Mom Pooja Patel’s two unaccompanied minor sons were kicked off a connecting international flight in Seoul, South Korea last week — and she says that it was because of a nut allergy.
According to dad, Rakesh Patel, the two teenage boys were flying back to school in the Philippines after visiting their ill grandfather in Atlanta, Georgia. It was the first time they had ever traveled without their parents, who remained in Atlanta. The first leg of their trip, Atlanta to Seoul, was on Delta Airlines, and the connecting leg, Seoul to Manila, was to be on Delta partner Korean Air.
They never made the second leg. “My oldest son explained to the gate agents his severe peanut and tree nuts allergy — ingestion and airborne — which is what he does when boarding all Delta flights,” Pooja Patel wrote in a Facebook post which she later shared to the website No Nut Traveler (the Facebook post has been made unavailable since this story was first published). In it, she added that her son requested at the gate that the flight not serve peanuts and that they make an announcement requesting that other passengers on the flight refrain from eating peanuts. He also asked permission to board early to clean his seat. When the gate agent acquiesced, the boys boarded the flight and were seated.
At that point, the boys’ dad told TODAY Parents, a flight attendant told the boys that peanuts would in fact be served on the flight, even though the boys continued to tell the staff that serving peanuts around someone with an airborne allergy could mean anaphylaxis. The gate agent then offered the boys two options: stay on the plane with peanuts, or get off. Rakesh Patel said that no middle-ground solution (not serving peanuts around the boys, for example) was offered.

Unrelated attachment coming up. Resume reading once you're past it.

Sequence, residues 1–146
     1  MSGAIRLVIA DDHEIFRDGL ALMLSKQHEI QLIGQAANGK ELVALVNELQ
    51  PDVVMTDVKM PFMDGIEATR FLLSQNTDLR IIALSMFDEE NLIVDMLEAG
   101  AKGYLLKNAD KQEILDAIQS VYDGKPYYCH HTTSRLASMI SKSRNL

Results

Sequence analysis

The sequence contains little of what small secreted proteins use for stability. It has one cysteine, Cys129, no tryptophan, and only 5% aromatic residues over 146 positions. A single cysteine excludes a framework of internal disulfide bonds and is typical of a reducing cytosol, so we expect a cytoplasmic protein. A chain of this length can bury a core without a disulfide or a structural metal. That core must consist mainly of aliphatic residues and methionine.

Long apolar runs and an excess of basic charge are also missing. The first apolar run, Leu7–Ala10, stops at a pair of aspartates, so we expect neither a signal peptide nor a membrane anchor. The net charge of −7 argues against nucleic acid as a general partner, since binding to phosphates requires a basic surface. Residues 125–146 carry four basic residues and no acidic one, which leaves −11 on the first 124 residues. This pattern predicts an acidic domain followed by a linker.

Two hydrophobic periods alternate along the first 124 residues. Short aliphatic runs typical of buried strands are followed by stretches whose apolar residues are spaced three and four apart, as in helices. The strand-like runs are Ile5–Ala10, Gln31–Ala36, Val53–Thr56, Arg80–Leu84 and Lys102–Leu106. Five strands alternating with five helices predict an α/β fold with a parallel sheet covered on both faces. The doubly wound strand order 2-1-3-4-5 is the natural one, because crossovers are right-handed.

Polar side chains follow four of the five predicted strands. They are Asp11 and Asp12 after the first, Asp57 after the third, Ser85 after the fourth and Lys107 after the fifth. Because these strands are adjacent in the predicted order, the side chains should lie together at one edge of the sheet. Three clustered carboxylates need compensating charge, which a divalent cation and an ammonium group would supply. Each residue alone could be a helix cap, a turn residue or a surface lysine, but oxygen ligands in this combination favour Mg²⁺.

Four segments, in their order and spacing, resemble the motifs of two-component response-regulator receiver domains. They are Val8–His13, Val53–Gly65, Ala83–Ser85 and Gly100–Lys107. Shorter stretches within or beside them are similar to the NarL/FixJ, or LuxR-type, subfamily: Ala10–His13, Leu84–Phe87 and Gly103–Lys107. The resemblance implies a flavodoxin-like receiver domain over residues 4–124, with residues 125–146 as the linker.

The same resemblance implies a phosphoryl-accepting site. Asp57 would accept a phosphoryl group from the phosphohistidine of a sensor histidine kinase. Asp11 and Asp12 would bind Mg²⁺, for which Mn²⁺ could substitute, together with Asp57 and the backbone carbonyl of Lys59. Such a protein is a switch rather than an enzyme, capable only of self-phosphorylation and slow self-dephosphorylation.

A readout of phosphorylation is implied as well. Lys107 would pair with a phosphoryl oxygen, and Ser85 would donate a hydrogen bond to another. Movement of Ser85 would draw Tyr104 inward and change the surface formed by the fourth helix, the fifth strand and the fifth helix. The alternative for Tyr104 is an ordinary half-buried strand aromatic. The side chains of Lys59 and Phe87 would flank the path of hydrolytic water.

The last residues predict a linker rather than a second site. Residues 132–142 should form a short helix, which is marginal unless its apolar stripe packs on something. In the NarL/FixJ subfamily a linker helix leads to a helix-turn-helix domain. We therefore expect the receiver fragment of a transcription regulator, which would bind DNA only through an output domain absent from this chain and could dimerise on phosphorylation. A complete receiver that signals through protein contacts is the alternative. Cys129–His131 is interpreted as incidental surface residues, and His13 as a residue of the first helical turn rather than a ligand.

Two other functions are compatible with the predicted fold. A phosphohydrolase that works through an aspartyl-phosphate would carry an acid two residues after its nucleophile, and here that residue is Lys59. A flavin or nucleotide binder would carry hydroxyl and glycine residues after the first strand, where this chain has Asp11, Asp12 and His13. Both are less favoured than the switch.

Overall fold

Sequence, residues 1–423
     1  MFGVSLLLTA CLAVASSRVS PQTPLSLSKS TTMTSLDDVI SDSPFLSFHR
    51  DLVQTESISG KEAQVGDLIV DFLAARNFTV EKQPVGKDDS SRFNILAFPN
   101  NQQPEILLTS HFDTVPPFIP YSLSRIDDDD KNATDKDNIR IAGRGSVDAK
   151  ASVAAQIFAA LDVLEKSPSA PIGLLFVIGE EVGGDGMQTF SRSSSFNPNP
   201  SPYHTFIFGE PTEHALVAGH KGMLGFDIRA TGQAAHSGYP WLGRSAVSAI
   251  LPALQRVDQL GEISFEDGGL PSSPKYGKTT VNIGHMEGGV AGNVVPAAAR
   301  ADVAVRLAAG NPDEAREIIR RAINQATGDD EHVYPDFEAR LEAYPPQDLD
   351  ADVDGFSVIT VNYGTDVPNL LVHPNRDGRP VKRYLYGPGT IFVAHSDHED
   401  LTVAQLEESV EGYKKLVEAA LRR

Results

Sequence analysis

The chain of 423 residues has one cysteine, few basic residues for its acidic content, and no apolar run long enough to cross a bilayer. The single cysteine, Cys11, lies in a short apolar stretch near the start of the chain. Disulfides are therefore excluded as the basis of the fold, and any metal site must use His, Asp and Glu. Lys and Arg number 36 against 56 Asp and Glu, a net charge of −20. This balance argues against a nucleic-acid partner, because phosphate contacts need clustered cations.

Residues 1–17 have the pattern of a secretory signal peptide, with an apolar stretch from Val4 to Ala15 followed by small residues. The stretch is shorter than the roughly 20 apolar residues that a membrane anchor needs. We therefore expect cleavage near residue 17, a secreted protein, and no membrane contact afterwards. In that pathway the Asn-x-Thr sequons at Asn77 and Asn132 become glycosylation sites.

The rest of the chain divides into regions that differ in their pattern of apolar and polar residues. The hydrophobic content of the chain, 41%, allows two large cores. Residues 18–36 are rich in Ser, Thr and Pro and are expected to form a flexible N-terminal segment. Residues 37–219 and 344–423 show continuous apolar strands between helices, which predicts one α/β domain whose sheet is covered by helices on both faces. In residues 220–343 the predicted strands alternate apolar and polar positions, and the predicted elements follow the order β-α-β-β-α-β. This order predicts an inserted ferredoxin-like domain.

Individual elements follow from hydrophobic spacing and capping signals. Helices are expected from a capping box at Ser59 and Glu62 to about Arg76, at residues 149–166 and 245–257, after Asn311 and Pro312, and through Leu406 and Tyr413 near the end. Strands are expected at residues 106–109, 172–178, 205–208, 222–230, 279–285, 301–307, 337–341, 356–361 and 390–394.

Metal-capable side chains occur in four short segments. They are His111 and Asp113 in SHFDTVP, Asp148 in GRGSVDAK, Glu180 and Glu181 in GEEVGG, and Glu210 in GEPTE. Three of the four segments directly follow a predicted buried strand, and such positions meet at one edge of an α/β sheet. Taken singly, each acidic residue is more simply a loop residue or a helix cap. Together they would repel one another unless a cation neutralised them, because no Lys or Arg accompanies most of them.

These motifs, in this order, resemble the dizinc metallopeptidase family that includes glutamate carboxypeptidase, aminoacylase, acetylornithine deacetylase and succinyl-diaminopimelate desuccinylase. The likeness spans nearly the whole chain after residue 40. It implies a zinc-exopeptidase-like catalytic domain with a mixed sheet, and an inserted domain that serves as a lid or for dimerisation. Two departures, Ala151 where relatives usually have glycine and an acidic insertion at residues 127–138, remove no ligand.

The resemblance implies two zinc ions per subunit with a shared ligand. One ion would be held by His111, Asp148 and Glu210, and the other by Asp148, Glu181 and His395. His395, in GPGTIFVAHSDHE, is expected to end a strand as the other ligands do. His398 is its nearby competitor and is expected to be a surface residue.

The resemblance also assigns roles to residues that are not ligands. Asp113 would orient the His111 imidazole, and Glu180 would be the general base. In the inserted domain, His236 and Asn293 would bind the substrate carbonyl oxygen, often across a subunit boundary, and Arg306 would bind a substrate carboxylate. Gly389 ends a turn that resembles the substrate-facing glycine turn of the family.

“Why are we putting people through that kind of distress?” the boys’ dad told TODAY Parents. “These are kids who are traveling alone, literally on the other side of the world, and they’re being forced off a plane — so people can eat nuts on the plane?”
The boys claim they "felt threatened" and were physically barred from getting back on the plane, according to Pooja's Facebook post. They complied but as they did, they FaceTimed their parents. In the post, Pooja wrote that the parents’ long-distance pleas went unanswered, and the boys were left at the gate.
The boys flew back to Atlanta — for a total of 39 hours of travel and layover time, and ended up where they had started.
“My wife and I are livid and angry; this is not right,” Rakesh Patel told TODAY Parents.
Both airlines are reviewing the incident.
In response to a request for comment, Korean Air sent TODAY Parents this statement Tuesday:
“Korean Air is aware that peanut and food allergies are an industry issue and no airline can guarantee a food allergy-free environment. But we are reviewing ways to deal with this issue in a safe and feasible way. We totally understand the risks faced by passengers with nut and food allergies and will certainly try to accommodate them better in the future. Korean Air sincerely apologizes to Mr. and Mrs. Patel and their sons. Customer service is a mainstay of the Delta and Korean Air partnership and we regret that the Patels experience did not reflect our common values. We are reviewing this incident and will strive to create a better customer experience.”
Delta Airlines sent the following comment to TODAY Parents: “We’re sorry for this family’s ordeal, and we are working with our partner Korean Air to examine the processes surrounding this incident. We will use our findings to create a consistent experience for customers flying Delta and our partner airlines.”
Rakesh Patel said he feels it’s imperative to make sure partner airlines follow consistent allergy guidelines to ensure the safety of all passengers.
“Instances like these leave an imprint on a young adult. It’s not right,” Patel said. “Personally I would advocate for a ban on serving raw peanuts on any plane — but until that happens, how about using common sense and consistent enforcement of policies? Make an effort to be sensitive to your passengers, which would tell the passenger, ‘We care about your life, we understand you have a severe allergy, and we’re going to take some common sense measures to limit your exposure as best we can.'”